Korea Battery Stocks Gain on US Rules to Curb China

Korea Battery Stocks Gain on US Rules to Curb China

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(Bloomberg) — South Korean battery stocks rose Monday after the US released guidelines designed to limit electric car makers from sourcing battery materials from China.  

Ecopro BM Co., which produces cathode-active materials, surged as much as 26% in Seoul trading, while SK IE Technology Co., which makes separators used in EV batteries, rose 14%. L&F Co. jumped 8.3% and LG Energy Solution Ltd. — the biggest battery maker outside China — gained 1.8% in Seoul trading. In contrast, China’s Contemporary Amperex Technology Co. Ltd., the world’s largest battery maker, fell 2.6% to trade at its lowest since March 2021.  

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The Biden administration’s rules, announced Friday, aim to increase supply-chain security by blocking EV manufacturers from sourcing battery materials from China and other foreign adversaries. The guidelines, which were required as part of a deal to extend the $7,500 tax credit through Biden’s signature climate law, establish a 25% ownership threshold for a company or group to be classified as a foreign entity of concern, government speak for businesses or groups owned or controlled by US geopolitical foes.

Read More: US Sets Limits on Chinese Content to Receive EV Tax Credits 

Hana Securities said in a note that the restriction of licensing deals between US automakers and Chinese battery companies would be good for South Korean battery firms. For example, Ford Motor Co. had planned to license CATL’s lithium iron phosphate battery technology for use in a planned $3.5 billion EV battery plant. Work on the controversial factory was suspended in September.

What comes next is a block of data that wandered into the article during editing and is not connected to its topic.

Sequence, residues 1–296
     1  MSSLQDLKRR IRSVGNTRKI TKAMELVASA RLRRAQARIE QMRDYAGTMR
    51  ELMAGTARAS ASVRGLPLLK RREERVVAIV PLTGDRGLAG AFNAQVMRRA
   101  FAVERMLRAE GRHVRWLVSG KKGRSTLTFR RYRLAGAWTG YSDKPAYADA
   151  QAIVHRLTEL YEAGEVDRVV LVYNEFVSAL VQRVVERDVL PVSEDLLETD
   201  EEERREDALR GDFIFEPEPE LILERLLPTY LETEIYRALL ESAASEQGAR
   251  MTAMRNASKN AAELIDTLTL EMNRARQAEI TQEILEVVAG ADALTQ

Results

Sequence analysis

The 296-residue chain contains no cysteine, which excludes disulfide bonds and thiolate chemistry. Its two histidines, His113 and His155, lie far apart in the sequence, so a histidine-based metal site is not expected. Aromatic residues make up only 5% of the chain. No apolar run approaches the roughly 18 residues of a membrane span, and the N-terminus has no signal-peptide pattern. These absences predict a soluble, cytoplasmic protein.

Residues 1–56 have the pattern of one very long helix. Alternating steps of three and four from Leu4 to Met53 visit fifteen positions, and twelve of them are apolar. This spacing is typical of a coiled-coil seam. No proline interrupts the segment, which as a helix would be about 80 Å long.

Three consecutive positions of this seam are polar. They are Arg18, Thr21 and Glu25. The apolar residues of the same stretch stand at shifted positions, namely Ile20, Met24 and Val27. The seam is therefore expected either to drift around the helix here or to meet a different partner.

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Some Korean companies, however, have partnerships in which Chinese firms have stakes of more than the 25% threshold to be classified as a foreign entity of concern. They include LG Chem Ltd., Posco Holdings Inc. and Ecopro Materials Co., which have established, or are planning, joint ventures with Chinese companies to produce battery materials in South Korea. Vehicles containing any battery components manufactured or assembled by so-called foreign entity of concerns won’t qualify for the tax credit. 

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LG Chem shares dropped as much as 3.2% on Monday and Posco Holdings slid as much as 2.1%. 

Representatives from South Korea’s trade ministry met with battery companies on Saturday and said they would help them diversify supply chains for key materials. 

Read More: Chinese Firms Are Seeking Korean Partners to Skirt US EV Rules

Those ventures were set up as an attempt to skirt the restrictions, given that South Korea has a free-trade agreement with the US, and batteries made there and then installed in US-made electric cars may qualify for the tax breaks. South Korean companies may now look to restructure those deals to meet the new guidelines. 

Cathode maker Posco Future M Co. has clauses in contracts to change stakeholdings for future joint ventures with Chinese partners if neccesary, according to a text message from the company. Posco Future has two ventures with a Chinese firm to produce EV battery materials and may use them for regions outside US, it said. 

“There are still unclear clauses in the guidelines,” said James Oh, vice president at SNE Research. “We can’t technically say whether private companies in China, like CATL, are under ‘effective control’ of the Chinese government or not. Chinese battery firm Gotion’s largest shareholder is Volkswagen — how can we say they are under the Chinese Communist Party’s control?” 

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—With assistance from Youkyung Lee.

(Adds chart, updates share prices. An earlier version of this story erroneously said Ecopro Materials shares fell.)

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